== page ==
Get SharePoint Health Score using PowerShell

If you look at the HTTP headers SharePoint 2010 adds to a response you might notice the one that is called “X-SharePointHealthScore”. This special header is used in conjunction with HTTP throttling and ranges in value from 0 to 10.


By default this score is calculated using two performance counters: Memory/Available Mbytes and ASP.NET/Requests Current. A value “0” indicates everything is fine, while a value of “10” indicates SharePoint will start throttling requests (if enabled). There is quite some info around explaining the workings and configuration. This blog post for instance: (by Josh Gavant).

Since this header is added to every response it can be used for different purposes, from monitoring to load balancing. I wanted to create a small “tool” to report the score without having to use a network monitor or HTTP sniffer like Fiddler. And what better way than to use PowerShell for this task?

The script uses a simple PowerShell function with a System.Net.WebClient object connecting to a SharePoint site and retrieving the header:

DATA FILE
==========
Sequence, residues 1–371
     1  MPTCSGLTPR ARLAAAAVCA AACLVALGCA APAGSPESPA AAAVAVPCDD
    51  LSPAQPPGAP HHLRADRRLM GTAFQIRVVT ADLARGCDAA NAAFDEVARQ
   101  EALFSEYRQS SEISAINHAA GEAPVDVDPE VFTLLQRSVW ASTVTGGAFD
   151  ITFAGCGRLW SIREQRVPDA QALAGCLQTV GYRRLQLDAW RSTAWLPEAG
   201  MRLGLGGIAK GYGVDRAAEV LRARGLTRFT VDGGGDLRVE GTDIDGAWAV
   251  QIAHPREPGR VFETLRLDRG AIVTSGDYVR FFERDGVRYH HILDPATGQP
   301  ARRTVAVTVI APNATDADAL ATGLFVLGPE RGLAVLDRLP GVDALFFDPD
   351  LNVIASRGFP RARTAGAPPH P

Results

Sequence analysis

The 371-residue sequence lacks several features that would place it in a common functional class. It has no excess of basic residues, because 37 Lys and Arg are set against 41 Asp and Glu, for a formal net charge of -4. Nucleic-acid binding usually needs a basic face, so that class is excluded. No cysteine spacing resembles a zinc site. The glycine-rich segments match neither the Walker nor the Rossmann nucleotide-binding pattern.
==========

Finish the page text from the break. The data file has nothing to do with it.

function ReadHealthScore()
	$wc = New-Object Net.WebClient
	# Include the IE9 User Agent
	$wc.Headers.Add("user-agent", "Mozilla/5.0 (compatible; MSIE 9.0; Windows NT 6.1; Trident/5.0;)")

	if($cred -eq $null)
		$cred = [System.Net.CredentialCache]::DefaultCredentials;
	$wc.credentials = $cred;
	$page = $wc.DownloadString($url);
	# This header holds the Health Score
	return $wc.ResponseHeaders.Item("X-SharePointHealthScore")

Combined with some logic to calculate average, minimum and maximum:

# Wait in number of seconds
$wait = 1
$times = 5
$score = @()

# Set the URL to a page to avoid redirection errors
$url = "http://portal.demo.loc/Pages/Default.aspx"

for ($i=1; $i -lt $times+1; $i++) {
 	$score = $score + (ReadHealthScore($url))
	Write-Progress -Activity "Reading HealthScore" -PercentComplete (($i/$times)*100) -Status "Working"
  	Start-Sleep -Seconds $wait

$calc = $score | Measure-Object -Average -Maximum -Minimum
Write-Host (Get-Date -f o) "Average:"$calc.Average " High:"$calc.Maximum " Low:"$calc.Minimum

We get the following output:



With a little modification you can output to xml or CSV. Schedule it using Task Scheduler and you will have a nice little health reporter.

Download the script here.

Note: since this script doesn’t use any specific SharePoint cmdlets, you can use standard Windows PowerShell.

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